As for the whole "Replicators make crappy food" debate, I wouldn't be surprised if it was all psychological. Or maybe there is something to the replication process, like how transporters can run at different resolutions. Replicated food might be created with less precision than is necessary by transporters because it's not necessary to use that much energy to get the same nutrition from artificial food. My guess is, the engineers of replicators considered power consumption a higher priority than exacting taste. They also probably burned their taste buds on too many cups of bad coffee.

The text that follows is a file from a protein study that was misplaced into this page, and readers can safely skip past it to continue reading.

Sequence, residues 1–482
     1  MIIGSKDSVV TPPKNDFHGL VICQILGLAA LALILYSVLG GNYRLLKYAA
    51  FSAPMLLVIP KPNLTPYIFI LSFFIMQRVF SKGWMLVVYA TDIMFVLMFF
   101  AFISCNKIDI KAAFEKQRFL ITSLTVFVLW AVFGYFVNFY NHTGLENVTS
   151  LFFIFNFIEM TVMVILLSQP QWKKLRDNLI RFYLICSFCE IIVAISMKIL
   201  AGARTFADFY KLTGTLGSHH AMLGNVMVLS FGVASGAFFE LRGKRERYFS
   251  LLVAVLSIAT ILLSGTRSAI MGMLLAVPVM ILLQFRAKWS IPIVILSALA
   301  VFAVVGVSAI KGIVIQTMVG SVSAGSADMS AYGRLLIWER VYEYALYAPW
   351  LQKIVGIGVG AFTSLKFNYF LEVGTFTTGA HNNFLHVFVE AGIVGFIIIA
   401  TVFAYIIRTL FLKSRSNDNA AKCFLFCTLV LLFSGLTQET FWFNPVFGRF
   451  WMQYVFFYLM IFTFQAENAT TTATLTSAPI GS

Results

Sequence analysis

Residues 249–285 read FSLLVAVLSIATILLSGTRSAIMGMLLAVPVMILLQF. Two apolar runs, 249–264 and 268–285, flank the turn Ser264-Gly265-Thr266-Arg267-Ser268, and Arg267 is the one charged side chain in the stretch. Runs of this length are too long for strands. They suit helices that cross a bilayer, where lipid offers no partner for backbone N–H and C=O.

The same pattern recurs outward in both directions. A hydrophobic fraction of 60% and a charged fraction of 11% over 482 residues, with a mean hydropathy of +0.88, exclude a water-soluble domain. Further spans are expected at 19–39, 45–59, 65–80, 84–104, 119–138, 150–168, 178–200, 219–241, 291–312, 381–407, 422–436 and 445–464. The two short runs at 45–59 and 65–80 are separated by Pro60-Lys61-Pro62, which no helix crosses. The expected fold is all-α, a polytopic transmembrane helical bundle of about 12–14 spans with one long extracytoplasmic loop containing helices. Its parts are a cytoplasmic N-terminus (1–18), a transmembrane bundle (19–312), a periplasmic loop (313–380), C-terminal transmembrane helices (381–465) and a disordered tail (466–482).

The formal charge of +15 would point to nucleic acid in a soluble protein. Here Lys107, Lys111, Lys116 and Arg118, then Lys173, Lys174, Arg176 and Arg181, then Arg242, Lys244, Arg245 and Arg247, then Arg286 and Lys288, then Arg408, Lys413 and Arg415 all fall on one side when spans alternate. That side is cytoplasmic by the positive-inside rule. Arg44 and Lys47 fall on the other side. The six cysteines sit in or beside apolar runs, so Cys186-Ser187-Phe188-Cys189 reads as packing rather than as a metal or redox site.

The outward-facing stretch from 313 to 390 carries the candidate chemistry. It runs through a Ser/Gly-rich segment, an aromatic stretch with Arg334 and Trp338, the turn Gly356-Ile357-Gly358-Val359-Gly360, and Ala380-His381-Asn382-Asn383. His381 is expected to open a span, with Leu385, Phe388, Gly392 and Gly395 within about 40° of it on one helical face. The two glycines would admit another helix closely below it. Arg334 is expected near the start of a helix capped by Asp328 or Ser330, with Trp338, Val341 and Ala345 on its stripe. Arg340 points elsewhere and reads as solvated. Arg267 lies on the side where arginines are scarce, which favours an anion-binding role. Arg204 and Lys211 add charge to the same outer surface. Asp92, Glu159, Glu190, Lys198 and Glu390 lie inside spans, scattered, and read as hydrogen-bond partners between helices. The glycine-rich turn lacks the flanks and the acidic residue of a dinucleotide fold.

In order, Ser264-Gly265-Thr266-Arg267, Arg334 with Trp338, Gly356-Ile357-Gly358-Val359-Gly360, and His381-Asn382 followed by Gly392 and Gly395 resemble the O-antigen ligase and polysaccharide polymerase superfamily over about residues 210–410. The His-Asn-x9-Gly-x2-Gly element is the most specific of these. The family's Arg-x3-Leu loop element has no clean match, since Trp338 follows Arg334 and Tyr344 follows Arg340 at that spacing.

I'm pretty sure replicators run at far
lower resolution than transporters (quantum vs. sub-quantum). Also, it's been shown in the past just HOW much memory the transporter buffer takes up, even relative to the vast amounts available on Fed ships - and the transporter buffer is very, very volatile memory to handle the transfer speed, and begins to degrade very quickly most of the time when data is held beyond its' expected life. There's no way they could afford to keep that much memory for the replicators - on top of the lower-resolution, there'd probably need to be a high degree of compression too. And like a moderately-well-done JPEG, it would pass muster for most people, but those who know and care what to "look" for will find the compromises.